You owe A.C. Crispin a huge debt, whether you know it or not. As an author, she helped carve a space for women writing science fiction. She helped prove media tie-in novels could be great books in their own right. And she fought for writers to get treated fairly, with the indispensible site Writer Beware.

Sadly, Crispin died of cancer earlier today.

You couldn't really be an aspiring writer of science fiction or fantasy and not be aware of the amazing work Ann Crispin was doing on your behalf. For years now, she and Victoria Strauss have been fighting the good fight against scammers, predatory operators and slimy agents who tried to violate the maxim that the money always flows to the writer.


And even if you weren't aware of their efforts, you benefited from them — even if you only read books and have no desire to write them, your reading material is better because authors were being treated fairly. Crispin also served as Vice President of SFWA, where she likewise went to bat for authors' rights on many occasions.

Scroll down towards the bottom of this interview to read a long section where Crispin dispenses absolutely essential advice for beginning writers on how to "break in" and whether to follow trends in publishing. In a nutshell: don't try to capitalize on what's hot now, and even if you're self-publishing, understand how the business works, inside and out.


And meanwhile, Crispin wrote a series of original science fiction books, the Starbridge series, which Andre Norton called "the type of rousing adventure story which Heinlein made so popular a generation ago." They're now available as ebooks.

To quote from Michael Seidel's review of the first Starbridge novel over at Goodreads: "This is the book that turned me into a reader. It's just a great space adventure, not hardcore technobabble-filled sci-fi, just a great adventure. Perfect for the young dreamer."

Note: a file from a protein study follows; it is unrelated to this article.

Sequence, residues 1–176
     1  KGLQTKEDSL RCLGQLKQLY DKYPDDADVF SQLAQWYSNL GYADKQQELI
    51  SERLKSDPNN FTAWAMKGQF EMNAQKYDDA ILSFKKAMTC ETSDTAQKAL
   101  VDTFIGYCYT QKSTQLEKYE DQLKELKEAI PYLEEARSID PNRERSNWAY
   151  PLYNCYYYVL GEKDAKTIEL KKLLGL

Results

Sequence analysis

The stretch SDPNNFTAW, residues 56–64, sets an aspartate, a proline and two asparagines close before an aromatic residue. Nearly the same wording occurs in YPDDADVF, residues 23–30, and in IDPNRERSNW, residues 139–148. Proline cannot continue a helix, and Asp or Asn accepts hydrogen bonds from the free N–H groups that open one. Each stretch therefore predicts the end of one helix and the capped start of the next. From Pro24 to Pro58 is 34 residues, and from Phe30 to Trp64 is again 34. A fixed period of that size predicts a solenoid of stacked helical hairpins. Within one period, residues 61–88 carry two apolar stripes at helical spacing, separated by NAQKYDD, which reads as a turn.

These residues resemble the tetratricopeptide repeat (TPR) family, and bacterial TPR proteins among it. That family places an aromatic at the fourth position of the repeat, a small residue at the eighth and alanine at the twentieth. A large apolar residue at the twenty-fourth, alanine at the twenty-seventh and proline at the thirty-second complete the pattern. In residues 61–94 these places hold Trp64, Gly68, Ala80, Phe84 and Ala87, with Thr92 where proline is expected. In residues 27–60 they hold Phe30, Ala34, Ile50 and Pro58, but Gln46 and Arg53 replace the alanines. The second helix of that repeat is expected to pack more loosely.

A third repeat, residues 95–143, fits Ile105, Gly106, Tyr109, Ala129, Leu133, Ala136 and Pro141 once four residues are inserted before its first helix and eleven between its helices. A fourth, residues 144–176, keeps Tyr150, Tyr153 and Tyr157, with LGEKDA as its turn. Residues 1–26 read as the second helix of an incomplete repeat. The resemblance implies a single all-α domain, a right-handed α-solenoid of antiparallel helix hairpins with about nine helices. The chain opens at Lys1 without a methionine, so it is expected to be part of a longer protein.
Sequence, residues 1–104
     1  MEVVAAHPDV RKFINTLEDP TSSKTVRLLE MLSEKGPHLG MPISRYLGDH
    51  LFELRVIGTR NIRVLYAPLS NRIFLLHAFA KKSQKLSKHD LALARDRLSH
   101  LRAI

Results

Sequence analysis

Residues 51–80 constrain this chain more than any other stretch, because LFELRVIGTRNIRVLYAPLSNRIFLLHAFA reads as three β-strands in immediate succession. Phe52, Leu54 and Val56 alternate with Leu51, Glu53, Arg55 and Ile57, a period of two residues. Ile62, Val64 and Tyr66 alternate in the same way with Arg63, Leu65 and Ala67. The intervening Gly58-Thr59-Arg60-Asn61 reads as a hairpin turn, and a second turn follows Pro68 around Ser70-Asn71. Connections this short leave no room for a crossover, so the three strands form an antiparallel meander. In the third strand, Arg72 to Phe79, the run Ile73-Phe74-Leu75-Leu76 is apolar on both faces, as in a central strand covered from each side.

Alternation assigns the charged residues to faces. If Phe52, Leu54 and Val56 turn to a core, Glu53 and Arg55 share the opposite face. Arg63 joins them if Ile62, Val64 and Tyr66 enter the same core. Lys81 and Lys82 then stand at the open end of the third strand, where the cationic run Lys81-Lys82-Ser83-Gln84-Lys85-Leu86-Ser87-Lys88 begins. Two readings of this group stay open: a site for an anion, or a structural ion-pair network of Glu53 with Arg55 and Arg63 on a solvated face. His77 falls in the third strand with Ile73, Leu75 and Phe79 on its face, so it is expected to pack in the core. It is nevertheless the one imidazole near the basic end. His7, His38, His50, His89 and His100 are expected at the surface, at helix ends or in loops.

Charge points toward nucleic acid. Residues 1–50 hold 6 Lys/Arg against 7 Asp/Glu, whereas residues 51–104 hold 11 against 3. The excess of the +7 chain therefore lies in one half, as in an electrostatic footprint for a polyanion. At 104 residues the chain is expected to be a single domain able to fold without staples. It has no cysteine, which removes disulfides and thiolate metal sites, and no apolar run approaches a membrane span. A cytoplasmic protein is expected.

Author Seanan McGuire wrote on Twitter:

I never waited for my Hogwarts Acceptance Letter—I was a Molly Grue by then—but I used to dream of acceptance to Starbridge Academy... A.C. Crispin was one of the women who made me believe that I would someday be allowed to write science fiction. She gave me so much hope.

If you are unfamiliar with Ann Crispin's work, find the Starbridge series. They supported diversity and intersectionality at a time when STRAIGHT WHITE CISGUYS IN SPACE was a valid pitch for a series.


She and Norton also collaborated on two novels in the Witch World series.

But also, among many readers, Crispin is probably best known for her media tie-in novels — and for helping to legitimize the "tie-in novel" as an ambitious form in its own right, not just a disposable extra. Crispin wrote multiple Star Trek novels, including the acclaimed Yesterday's Son and Sarek. She also wrote the Han Solo Trilogy of Star Wars novels, and novelized the original V miniseries and Alien Resurrection. She also wrote a giant Pirates of the Caribbean prequel novel.


As Lightsaber Rattling wrote the other day:

I could say a lot about Crispin's writing, she gave Star Wars fans a great gift in her crafting of a back story for Han Solo, but I think the strongest praise I can give her is that in crafting the character of Bria Tharen she created a love interest for Han Solo that even rivaled Princess Leia. As readers of The Han Solo Trilogy we all knew Han and Bria could not last, but I didn't want the trilogy to end because I didn't want that flame extinguished.


Crispin told one interviewer a few years ago:

I put my full efforts into both my media tie-ins and my original novels. With the original novels, it’s generally a bit more work, because I have to create the world, the technology, the history, the geography, the society, etc. World-building and universe-building have to be done well if you want to create the illusion of reality –- something that’s essential to writing s.f. and fantasy.

As of 2011, Crispin told an interviewer that she was "returning to science fiction, my first love. I’m working on developing an original SF trilogy for the YA market." Now, sadly, we'll never get to read it. That's just one of the many reasons Crispin will be sorely missed.